Having a plan before arriving on set will maximize results and minimize challenges.
Here are some Do’s and Don’ts
Ask for autographs/pictures mid shoot. Just don’t do it, it’s that simple. Before a shoot, speak with the celebrity’s representative and arrange a photo opportunity for after filming. Most celebrities are happy to sign autographs and take pictures afterward.
Be observant. If the celebrity is clearly in a hurry, a photo op probably won’t be in the cards. Your number one goal is the shoot and that may mean coming home without an autograph for your child.
Overwhelm the set. Resist the urge to invite unnecessary team members to watch the production. Bystanders eager to get a glimpse of the celebrity clog up the set, and make it difficult for the crew to work. Everyone should have a clear role with very little to no overlap or not be there.
Shoot from the sidelines. Everyone on set was hired for a reason; let them do their job. Attempting to micro manage aspects of the shoot will cause frustration and agitate the celebrity and crew.
If you notice something that absolutely needs changing, go through proper channels. Instead of telling the celebrity their performance is off, approach the director/photographer and make some suggestions.
Be a backseat driver only if it is absolutely warranted.
Respect their time. Celebrity’s most valuable commodity is time, and it should be respected. If you have eight hours to film and you get everything finished in seven, wrap early.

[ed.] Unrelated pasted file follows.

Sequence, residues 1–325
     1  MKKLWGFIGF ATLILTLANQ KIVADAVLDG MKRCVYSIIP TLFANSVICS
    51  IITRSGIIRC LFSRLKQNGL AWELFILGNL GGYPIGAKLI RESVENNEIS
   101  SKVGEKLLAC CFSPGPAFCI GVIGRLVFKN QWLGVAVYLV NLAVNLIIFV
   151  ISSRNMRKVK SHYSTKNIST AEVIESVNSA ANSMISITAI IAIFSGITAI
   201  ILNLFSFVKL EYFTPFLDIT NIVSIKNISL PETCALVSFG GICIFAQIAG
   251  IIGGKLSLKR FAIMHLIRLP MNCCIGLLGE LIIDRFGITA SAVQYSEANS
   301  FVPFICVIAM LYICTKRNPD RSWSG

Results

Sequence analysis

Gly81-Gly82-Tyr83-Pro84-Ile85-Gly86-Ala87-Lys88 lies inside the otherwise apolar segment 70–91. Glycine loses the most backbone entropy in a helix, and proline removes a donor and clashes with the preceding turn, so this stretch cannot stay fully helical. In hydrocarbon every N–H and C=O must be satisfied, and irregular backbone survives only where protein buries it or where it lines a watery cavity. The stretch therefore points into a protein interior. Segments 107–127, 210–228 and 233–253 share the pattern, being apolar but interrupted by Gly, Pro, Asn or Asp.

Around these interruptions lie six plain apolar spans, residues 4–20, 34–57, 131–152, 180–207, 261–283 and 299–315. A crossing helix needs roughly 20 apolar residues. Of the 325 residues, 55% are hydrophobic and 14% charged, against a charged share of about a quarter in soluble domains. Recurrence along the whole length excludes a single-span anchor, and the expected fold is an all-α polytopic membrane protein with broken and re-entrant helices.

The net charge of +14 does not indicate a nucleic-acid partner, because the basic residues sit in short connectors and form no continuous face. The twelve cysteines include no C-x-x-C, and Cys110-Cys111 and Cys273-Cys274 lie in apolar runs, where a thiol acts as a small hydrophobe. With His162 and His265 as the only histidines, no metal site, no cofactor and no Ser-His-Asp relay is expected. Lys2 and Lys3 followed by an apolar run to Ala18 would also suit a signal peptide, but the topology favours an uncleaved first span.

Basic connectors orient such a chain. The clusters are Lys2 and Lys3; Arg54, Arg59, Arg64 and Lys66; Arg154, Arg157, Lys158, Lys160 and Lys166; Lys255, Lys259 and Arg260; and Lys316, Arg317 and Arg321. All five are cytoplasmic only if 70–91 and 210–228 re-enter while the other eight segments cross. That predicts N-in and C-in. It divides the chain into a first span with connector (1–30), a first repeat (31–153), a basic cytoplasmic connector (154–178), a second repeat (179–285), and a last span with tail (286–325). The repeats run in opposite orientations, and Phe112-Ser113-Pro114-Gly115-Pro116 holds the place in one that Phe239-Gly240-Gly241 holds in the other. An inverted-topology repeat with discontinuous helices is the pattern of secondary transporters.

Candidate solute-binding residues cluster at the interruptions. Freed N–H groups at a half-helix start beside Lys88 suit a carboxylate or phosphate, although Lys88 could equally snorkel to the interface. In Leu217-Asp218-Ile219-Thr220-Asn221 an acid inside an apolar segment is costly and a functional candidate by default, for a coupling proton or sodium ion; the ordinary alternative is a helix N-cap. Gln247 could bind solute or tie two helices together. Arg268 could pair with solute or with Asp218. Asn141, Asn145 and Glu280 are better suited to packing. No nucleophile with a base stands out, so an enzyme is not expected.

Everyone involved with the production benefits when time is used efficiently. Hiring people you trust is crucial to maintaining a tight schedule. This goes for both the celebrity and production teams. In order to be a well-managed set, both sides need to be aligned on timing.
Stick to the script. The devil is in the details. While filming, line delivery tends to deviate from script to get the most natural performance. There are times due to legal and regulatory approvals that the copy must be delivered verbatim. This often happens with advertisements for pharmaceutical/financial companies.
Double-check that all pertinent information made it from the brand’s copywriters to the director. Come postproduction, you’ll be glad you did.
Designate a third party to settle any disputes on set. It can be awkward or uncomfortable for brand marketers to settle a dispute directly with a celebrity.
In most cases, an overprotective agent can be harder to work with than the celebrity.
By designating an agency executive or hiring a talent negotiator to be on site who has celebrity experience, you can play the good cop if necessary and offer a compromise settling an issue and keep things on track.